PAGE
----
Defense personnel system wins measured praise

By David McGlinchey

April 12, 2005

The Government Accountability Office on Tuesday commended the architects of the National Security Personnel System for developing a "flexible and contemporary" system to manage the Defense Department's civilian human capital.

"Many of the principles underlying the proposed NSPS regulations are generally consistent with proven approaches," GAO chief David Walker said in written testimony prepared for the House Government Reform Subcommittee on the Federal Workforce and Agency Organization. "GAO strongly supports the concept of modernizing federal human capital policies, including providing reasonable flexibility."

Subcommittee Chairman Jon Porter, R-Nev., said the development of NSPS is a "Herculean task," and he promised to use the power of the subcommittee to monitor the system's emergence.

In 2003, Congress allowed the Pentagon to reshape its civilian personnel system. In January of this year, Defense personnel officials proposed some details of the overhaul, including the removal of the General Schedule system, the implementation of a performance pay framework, a streamlined appeals process and a reduction in collective bargaining.

Defense workers' unions have vehemently opposed the move, and a coalition of labor organizations filed a lawsuit in February to block the NSPS, claiming that Defense officials did not follow a congressional mandate to include unions in the development of the new system. That legal action is still pending.

During a March congressional hearing, several lawmakers and officials-including Walker-called on the Pentagon to provide more details on the NSPS. On Tuesday, he repeated that appeal.

The current regulations do not "define the details of the implementation of the system, including such issues as adequate safeguards to help ensure fairness and guard against abuse," according to GAO's testimony.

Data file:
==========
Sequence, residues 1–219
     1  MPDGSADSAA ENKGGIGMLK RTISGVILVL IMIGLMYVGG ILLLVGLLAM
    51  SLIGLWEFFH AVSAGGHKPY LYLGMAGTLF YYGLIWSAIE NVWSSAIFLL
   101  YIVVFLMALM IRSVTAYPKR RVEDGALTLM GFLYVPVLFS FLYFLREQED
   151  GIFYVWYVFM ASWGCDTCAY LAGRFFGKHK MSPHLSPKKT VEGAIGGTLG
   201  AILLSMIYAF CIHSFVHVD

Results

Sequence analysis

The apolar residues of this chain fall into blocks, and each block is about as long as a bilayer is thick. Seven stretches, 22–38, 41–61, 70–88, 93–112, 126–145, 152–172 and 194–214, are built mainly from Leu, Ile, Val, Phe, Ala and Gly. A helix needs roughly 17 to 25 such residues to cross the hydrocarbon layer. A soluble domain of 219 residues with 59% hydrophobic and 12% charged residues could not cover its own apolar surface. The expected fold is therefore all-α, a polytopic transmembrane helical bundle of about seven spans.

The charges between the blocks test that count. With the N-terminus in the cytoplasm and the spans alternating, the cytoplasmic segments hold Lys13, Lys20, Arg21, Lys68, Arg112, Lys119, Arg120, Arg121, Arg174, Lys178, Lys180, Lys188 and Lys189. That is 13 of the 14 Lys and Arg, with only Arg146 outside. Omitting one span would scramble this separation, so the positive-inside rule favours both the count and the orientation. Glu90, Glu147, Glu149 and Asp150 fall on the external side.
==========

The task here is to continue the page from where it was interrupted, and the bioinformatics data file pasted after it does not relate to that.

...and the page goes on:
GAO also urged the Pentagon to ensure the "continuing involvement of employees in the planning, development and implementation of NSPS." Union leaders said, however, that they have not been involved to this point.

"It is not too late for DoD to decide to work with its unionized employees, rather than against us," said John Gage, president of the American Federation of Government Employees, who was appearing on behalf of the organized labor coalition. He said the Pentagon must include workers in the process "so that the implementation of a new system and its procedures is smooth, and conducive to high morale and continued focus on the department's national security mission."

At the hearing, Porter sought to encourage the dissenting parties to work together.

"Change can be difficult, and I know that this is a nerve-wracking experience for the department's workforce," he said. "I am confident that if the NSPS is implemented in a fair, credible and transparent manner, DoD employees will thrive under the new system."

Defense officials also stated their support for a shared process.

"We remain committed to the collaborative approach we have taken in the development of NSPS, and we will continue to encourage a dialogue," said Charles S. Abell, principal deputy undersecretary of Defense for personnel and readiness.

By David McGlinchey

April 12, 2005